When the topic is immigration, the mainstream media and the activists who support citizenship for illegal immigrants play favorites. They continually attack Republicans while giving Democrats a free ride.
Take the case of Rep. Scott DesJarlais, R-Tenn., who at a recent town hall meeting in Murfreesboro, Tenn., told 11-year-old Josie Molina, whose father is being deported, that "we have laws, and we need to follow those laws." Since then, DesJarlais has been criticized by media outlets, liberal blogs and advocacy groups as being cold and heartless. Yet these interested parties have not raised a fuss about the cold and heartless Democratic president who is trying to deport the girl's father.
Or the case of National Republican Committee Chairman Reince Priebus, who recently said that Mitt Romney's use of the phrase "self-deportation" during the 2012 presidential campaign was "horrific" and that when a candidate says something like that, "obviously, it hurts us." Activists seized on those remarks to bash Republicans. Yet, they turn a blind eye to the real horror -- the fact that the Obama administration is on track to have deported nearly 2 million people, and break up thousands of families, by the end of 2013.
This selective outrage isn't fair to Republicans. But it also isn't helpful to Democrats. Once they figure out that they don't have to bring their A-game to the immigration debate, they get lazy, complacent, and glib. They get accustomed to softball questions from reporters in Washington or New York who really don't understand the immigration issue to begin with.
Besides, Democrats can usually count on a Republican official to say something that is nativist or nonsensical -- or both. Once this happens, it changes the subject, and lets Democrats off the hook. Activists don't expect much from them, and so they get little in return. Before long, those on the left lose their skills and forget how to debate the subject in an intelligent manner -- or even discuss it in a way that is halfway coherent.
Which brings us to Democratic Sen. Tom Harkin of Iowa, who recently got tongue-tied at a town hall forum in his home state. Harkin was trying to explain to a roomful of conservative constituents why he supports the Senate immigration bill, which would offer a pathway to citizenship to illegal immigrants.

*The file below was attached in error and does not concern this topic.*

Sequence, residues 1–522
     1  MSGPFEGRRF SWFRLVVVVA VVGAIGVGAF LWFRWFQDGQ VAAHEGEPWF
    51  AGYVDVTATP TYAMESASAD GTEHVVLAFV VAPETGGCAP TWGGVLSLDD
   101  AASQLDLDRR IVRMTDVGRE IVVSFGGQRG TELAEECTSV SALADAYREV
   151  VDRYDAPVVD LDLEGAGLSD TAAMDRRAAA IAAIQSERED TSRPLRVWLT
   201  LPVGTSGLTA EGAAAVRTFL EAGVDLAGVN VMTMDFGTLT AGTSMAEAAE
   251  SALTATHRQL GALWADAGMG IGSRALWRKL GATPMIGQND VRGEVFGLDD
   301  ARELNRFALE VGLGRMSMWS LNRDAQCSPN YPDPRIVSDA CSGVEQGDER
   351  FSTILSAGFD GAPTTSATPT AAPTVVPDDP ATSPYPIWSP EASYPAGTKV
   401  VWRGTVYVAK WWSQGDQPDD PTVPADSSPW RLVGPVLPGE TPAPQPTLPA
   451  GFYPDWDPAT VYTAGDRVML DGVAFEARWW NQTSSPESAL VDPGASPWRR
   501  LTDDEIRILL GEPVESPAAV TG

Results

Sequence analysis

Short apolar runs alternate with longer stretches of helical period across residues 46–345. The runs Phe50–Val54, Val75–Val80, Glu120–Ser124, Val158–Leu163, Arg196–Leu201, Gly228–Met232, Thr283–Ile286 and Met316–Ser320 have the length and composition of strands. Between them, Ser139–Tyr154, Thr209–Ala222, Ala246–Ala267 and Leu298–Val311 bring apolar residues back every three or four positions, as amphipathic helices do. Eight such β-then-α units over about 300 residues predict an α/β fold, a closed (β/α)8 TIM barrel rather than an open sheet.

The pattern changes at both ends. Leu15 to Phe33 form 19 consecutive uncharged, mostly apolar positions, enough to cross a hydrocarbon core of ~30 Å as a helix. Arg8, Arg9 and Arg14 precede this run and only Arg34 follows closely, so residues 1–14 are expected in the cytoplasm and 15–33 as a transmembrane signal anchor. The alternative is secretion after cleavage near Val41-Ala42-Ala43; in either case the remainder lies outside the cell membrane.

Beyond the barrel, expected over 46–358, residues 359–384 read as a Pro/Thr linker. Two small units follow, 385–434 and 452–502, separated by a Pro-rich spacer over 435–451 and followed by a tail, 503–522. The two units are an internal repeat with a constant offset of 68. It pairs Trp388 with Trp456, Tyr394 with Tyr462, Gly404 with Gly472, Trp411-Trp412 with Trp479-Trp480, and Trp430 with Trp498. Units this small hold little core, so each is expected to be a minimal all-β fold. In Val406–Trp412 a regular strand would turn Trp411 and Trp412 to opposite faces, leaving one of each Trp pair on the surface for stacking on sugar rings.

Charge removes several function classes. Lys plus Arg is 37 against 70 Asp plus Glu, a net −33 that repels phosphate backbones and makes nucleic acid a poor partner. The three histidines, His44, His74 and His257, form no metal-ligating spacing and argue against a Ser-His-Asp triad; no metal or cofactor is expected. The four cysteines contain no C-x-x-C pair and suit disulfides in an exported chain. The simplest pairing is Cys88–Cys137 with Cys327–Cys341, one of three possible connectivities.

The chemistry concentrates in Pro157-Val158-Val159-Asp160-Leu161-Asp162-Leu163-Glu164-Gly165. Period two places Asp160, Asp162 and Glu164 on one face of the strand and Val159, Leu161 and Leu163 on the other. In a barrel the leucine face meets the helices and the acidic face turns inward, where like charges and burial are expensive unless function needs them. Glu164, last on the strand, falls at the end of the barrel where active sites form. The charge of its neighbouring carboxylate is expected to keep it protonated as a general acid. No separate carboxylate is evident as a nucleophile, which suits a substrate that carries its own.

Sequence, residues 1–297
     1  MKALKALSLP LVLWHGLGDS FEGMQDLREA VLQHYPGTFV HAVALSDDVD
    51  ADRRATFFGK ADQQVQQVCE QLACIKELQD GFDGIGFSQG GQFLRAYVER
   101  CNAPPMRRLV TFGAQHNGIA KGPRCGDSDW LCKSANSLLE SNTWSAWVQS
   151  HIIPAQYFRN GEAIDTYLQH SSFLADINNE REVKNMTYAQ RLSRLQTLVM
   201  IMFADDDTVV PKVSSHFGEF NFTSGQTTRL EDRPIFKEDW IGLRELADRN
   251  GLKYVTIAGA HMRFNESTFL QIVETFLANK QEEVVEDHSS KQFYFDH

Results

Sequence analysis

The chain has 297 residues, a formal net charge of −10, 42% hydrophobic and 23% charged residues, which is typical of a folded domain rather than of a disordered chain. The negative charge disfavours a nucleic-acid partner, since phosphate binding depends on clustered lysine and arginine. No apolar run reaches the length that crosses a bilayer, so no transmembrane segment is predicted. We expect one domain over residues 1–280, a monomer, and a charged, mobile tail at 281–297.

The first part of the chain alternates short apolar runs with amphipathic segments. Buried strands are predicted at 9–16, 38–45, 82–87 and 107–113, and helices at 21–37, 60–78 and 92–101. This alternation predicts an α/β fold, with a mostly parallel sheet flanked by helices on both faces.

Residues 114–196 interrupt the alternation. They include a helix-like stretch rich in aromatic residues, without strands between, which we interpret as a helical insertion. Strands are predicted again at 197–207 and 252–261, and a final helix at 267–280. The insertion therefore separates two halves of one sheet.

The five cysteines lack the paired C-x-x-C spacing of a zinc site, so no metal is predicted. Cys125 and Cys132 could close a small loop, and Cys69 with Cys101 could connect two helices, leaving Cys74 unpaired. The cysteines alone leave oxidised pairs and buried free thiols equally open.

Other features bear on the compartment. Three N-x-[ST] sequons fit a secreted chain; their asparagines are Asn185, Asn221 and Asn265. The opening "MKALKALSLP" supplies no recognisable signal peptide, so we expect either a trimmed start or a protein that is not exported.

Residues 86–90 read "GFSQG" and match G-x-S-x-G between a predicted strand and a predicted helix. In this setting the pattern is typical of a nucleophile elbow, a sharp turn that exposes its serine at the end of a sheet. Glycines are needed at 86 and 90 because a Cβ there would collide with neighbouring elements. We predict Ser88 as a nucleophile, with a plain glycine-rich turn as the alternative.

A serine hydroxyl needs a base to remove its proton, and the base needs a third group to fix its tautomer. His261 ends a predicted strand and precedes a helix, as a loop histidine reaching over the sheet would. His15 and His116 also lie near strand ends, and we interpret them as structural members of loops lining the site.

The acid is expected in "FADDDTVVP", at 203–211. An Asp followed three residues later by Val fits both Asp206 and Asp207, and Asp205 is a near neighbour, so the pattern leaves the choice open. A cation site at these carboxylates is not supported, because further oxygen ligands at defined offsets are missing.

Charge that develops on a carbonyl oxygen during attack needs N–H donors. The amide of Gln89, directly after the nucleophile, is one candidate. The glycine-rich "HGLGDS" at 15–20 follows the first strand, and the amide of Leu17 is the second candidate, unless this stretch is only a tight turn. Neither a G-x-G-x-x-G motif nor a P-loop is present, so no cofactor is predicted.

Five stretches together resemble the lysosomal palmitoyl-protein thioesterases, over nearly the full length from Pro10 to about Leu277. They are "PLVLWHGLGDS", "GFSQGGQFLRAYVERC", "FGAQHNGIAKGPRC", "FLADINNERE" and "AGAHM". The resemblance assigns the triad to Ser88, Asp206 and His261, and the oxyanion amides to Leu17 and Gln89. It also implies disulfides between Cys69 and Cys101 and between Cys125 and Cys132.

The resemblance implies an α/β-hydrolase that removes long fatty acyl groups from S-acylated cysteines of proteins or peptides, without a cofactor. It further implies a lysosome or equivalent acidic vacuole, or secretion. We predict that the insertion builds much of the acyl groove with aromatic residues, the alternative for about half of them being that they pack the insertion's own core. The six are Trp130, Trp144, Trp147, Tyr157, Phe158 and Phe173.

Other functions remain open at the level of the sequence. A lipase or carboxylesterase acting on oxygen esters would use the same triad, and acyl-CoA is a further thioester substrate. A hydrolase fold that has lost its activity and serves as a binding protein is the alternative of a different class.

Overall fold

"I separate out people who came here illegally from people who are criminals," he said. "Now it's obvious that they broke laws and did things that were criminal and they shouldn't. But I'm just saying simply because they came here to work -- to provide for their family. They've broken no laws other than coming here illegally. They're here illegally -- that's true. And they need to go through all the hoops we put in the bill. But I just don't classify them as criminals."
What a train wreck. As explanations go, that is taking the long way home. Harkin could have been much clearer and saved half those words by simply pointing out that immigration law is based on civil and not criminal infractions, thus those who violate it can't be called criminals. That's why we deport people who enter the country without authorization, and usually don't send them to prison.
The fact that Harkin couldn't quite get those words out of his mouth suggests two things -- either he doesn't really believe what he's saying, or he is uneasy about being seen by fellow Iowans as condoning unlawful activity. Maybe both.
This story matters. It provides valuable insight into something that doesn't get enough attention in this debate, namely that it's not just Republicans who struggle with how to talk about immigration. Democrats aren't experts either. While Republicans try to cater to pro-business supporters without turning away the nativist faction within the GOP, Democrats have to worry about courting Latinos who want the undocumented treated with fairness and compassion without alienating whites and African-Americans by appearing soft on illegal immigration.
The GOP's approach to immigration is often so clumsy, so simplistic, so ignorant and so vindictive that it is no wonder that it turns off many Latinos.
I get that. What I don't get is how Democrats continually offer Latinos -- and the overall debate -- so little, and still manage to receive a pass. These kinds of low expectations don't benefit anyone, least of all Democrats.
Ruben Navarrette's email address is email@example.com.